By Stelios Orphanides
Authorities are happy with investor interest in the privatisation of the Limassol port’s commercial operations, an official said a day after the government received a total of 14 offers from 10 bidders who factored in labour unrest.
“We‘ll continue immediately with the evaluation hoping we will be able to announce the first successful candidates soon,” Alecos Michaelides, permanent secretary at the Ministry of Transport, Public Works and Communications, and chairman of the Cyprus Ports Authority, said in a telephone interview on Friday.
Michaelides added he hoped that in case one of the “experienced companies” succeeding in winning the competition, there would be an increase in business at Limassol port and subsequently to the economy in general. He added that the unrest ahead of the bidding procedure was expected as it was also the case in other countries and did not discourage investors from participating in the process.
“For our small island it is a positive thing that can help the rest of the economy to recover,” he said adding that he also hoped that the procedure will also help the government generate a considerable amount in revenue.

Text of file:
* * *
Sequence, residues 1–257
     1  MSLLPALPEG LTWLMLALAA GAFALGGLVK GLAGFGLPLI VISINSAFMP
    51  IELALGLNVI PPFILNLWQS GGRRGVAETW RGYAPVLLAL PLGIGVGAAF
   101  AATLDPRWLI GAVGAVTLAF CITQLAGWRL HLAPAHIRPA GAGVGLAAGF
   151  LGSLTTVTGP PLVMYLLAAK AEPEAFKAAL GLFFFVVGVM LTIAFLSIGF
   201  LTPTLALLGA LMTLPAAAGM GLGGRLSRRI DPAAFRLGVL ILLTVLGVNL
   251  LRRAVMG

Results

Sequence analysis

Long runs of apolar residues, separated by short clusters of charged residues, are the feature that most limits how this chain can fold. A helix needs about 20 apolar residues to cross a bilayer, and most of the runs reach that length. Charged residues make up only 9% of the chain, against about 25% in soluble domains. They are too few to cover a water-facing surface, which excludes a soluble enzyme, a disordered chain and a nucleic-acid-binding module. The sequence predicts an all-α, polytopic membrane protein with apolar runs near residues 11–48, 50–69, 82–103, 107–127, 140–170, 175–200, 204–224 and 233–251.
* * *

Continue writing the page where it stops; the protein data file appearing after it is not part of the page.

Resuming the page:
Six proposals were received for the container terminal, three for the marine services and five for the multipurpose terminal, the transport ministry said on Thursday.
According to people with knowledge of the situation, the bidders are China’s COSCO Pacific, Dubai’s DP World, the Saudi group Al Blagha Holidng, Britain’s Eurogate International, Germany’s Förde Reederei Seetouristik, the Philippines’ International Container Terminal Service Inc., Singapore’s Portek International Pte and others.
Michaelides said that recent labour unrest at the ports did not affect investor interest in the privatisation procedure which is part of Cyprus’s 2013 bailout terms.
Cyprus’s ports saw a drop in both cargo and passenger numbers in the first half of the year which Michaelides attributed to the economic crisis plaguing Cyprus for the past years and to geopolitical turmoil in the area respectively.
In January to June, the port of Limassol saw its container traffic drop an annual 7 per cent to 143,802 TEUs (which is the unit measuring the cargo capacity of a container), according to official data. In the first half of the year, the number of passengers who used the port of Limassol dropped 10 per cent to 44,441.